Objective: To examine the effect of first- vs. second-generation antipsychotics on electronically monitored adherence in outpatients with schizophrenia or schizoaffective disorder. Method: The sample consisted of 61 outpatients with a DSM-IV diagnosis of schizophrenia or schizoaffective disorder who took either a first-generation (N = 25) or second-generation (N = 36) oral antipsychotic during study participation. Treatment group designation (first-vs. second-generation antipsychotic) was based on the particular antipsychotic medication the patient was receiving as part of routine care at study entry (i.e., non-random assignment). Adherence to prescribed antipsychotic medication was assessed monthly over a 6-month study period using electronic monitoring (EM) of medication bottle opening. Various participant characteristics were collected at baseline to test for group differences and for potential associations with prospectively measured adherence. The primary data analysis was a mixed-model analysis of repeated measures. Results: The analysis of EM adherence revealed no significant difference between those taking first-generation (6-month adjusted mean adherence = 64.35%) and second-generation antipsychotics (6-month adjusted mean adherence = 69.17%; Group effect, p = .29) and no significant Group X Period interaction (p = .13). Conclusion: There was no statistical difference in EM adherence, over a 6-month period, between patients taking first- and second-generation antipsychotics. However, since the patients were not randomized, conclusions must be interpreted within the context of the quasi-experimental design used in the current study.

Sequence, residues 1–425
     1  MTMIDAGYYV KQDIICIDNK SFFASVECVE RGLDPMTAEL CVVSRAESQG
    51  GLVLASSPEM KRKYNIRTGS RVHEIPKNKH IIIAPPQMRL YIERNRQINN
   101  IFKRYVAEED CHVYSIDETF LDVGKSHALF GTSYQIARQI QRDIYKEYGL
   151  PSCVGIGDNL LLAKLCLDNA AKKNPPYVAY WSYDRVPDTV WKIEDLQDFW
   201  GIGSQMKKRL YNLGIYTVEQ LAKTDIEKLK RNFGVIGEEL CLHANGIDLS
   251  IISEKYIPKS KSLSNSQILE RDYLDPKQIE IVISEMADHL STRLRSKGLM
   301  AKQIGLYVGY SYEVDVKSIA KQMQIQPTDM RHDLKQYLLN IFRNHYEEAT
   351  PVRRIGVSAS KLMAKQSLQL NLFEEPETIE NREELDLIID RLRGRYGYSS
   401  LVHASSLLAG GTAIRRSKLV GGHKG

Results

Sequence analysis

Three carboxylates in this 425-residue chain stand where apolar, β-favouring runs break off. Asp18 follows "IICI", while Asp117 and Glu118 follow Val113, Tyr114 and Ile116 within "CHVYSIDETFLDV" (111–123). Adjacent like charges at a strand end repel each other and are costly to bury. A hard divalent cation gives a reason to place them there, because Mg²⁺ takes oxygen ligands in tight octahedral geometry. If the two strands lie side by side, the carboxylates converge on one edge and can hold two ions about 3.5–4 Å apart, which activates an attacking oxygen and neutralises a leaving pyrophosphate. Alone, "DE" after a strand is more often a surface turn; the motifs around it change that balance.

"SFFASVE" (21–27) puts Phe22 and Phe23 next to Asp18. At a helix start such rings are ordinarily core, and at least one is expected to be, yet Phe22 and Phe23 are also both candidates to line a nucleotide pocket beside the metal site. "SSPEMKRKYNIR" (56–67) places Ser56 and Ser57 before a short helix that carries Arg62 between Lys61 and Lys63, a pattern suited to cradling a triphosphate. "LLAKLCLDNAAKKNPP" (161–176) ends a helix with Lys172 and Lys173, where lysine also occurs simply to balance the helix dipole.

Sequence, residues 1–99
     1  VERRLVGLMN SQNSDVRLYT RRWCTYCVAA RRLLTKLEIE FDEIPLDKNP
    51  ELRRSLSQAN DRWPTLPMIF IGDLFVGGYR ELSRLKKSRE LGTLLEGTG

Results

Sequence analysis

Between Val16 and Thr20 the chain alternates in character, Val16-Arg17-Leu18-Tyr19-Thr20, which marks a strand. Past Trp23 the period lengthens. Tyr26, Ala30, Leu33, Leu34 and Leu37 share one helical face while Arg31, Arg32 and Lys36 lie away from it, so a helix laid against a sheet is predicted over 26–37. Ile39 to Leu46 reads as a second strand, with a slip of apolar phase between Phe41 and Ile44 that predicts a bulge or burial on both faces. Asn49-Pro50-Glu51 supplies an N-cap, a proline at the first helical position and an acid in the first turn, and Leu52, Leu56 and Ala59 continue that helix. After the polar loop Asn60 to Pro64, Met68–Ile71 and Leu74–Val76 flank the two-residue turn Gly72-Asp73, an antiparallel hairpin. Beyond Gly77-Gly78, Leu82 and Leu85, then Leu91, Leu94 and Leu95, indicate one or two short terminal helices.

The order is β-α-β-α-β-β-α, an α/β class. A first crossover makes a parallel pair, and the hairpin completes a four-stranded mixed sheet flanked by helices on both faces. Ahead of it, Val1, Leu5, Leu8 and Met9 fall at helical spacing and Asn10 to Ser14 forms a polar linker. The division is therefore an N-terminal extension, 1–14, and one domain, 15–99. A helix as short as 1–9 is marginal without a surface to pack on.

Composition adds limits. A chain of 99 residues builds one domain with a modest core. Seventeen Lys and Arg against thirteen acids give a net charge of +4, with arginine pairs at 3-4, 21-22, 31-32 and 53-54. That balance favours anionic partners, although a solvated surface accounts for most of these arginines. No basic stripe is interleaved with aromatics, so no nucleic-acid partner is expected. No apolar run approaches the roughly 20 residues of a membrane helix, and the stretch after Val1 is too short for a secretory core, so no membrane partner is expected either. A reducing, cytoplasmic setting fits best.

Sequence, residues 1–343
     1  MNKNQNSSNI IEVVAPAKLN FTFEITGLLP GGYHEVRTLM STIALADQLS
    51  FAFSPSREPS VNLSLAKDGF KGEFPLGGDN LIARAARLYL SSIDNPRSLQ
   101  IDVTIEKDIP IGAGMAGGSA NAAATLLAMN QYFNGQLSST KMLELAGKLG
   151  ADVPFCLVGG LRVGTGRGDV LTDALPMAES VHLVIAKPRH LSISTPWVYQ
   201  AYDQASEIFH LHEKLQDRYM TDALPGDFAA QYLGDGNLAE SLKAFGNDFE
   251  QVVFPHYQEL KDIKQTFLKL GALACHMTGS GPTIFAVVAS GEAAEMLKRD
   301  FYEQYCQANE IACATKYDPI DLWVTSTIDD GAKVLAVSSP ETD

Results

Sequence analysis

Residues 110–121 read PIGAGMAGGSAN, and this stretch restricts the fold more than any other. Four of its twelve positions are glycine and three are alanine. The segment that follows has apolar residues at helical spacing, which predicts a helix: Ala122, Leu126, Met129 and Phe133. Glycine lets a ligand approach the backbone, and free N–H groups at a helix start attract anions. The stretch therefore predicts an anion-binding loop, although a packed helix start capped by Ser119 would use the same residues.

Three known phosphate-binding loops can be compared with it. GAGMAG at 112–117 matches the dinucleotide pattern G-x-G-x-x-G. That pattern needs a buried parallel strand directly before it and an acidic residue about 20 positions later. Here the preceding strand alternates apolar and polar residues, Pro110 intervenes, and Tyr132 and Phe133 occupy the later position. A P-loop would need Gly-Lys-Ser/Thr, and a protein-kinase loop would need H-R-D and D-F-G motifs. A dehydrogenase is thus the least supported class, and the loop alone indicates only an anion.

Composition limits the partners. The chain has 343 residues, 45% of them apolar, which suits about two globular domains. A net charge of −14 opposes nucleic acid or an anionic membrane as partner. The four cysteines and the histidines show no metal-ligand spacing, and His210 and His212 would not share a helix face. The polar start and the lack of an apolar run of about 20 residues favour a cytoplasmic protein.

- Antipsychotic medication adherence
- Medication adherence
ASJC Scopus subject areas
- Psychiatry and Mental health
- Biological Psychiatry